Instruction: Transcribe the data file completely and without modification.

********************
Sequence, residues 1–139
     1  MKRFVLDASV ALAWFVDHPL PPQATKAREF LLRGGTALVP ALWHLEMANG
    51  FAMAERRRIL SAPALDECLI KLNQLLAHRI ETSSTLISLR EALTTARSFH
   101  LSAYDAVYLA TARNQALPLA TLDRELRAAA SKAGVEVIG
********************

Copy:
Sequence, residues 1–139
     1  MKRFVLDASV ALAWFVDHPL PPQATKAREF LLRGGTALVP ALWHLEMANG
    51  FAMAERRRIL SAPALDECLI KLNQLLAHRI ETSSTLISLR EALTTARSFH
   101  LSAYDAVYLA TARNQALPLA TLDRELRAAA SKAGVEVIG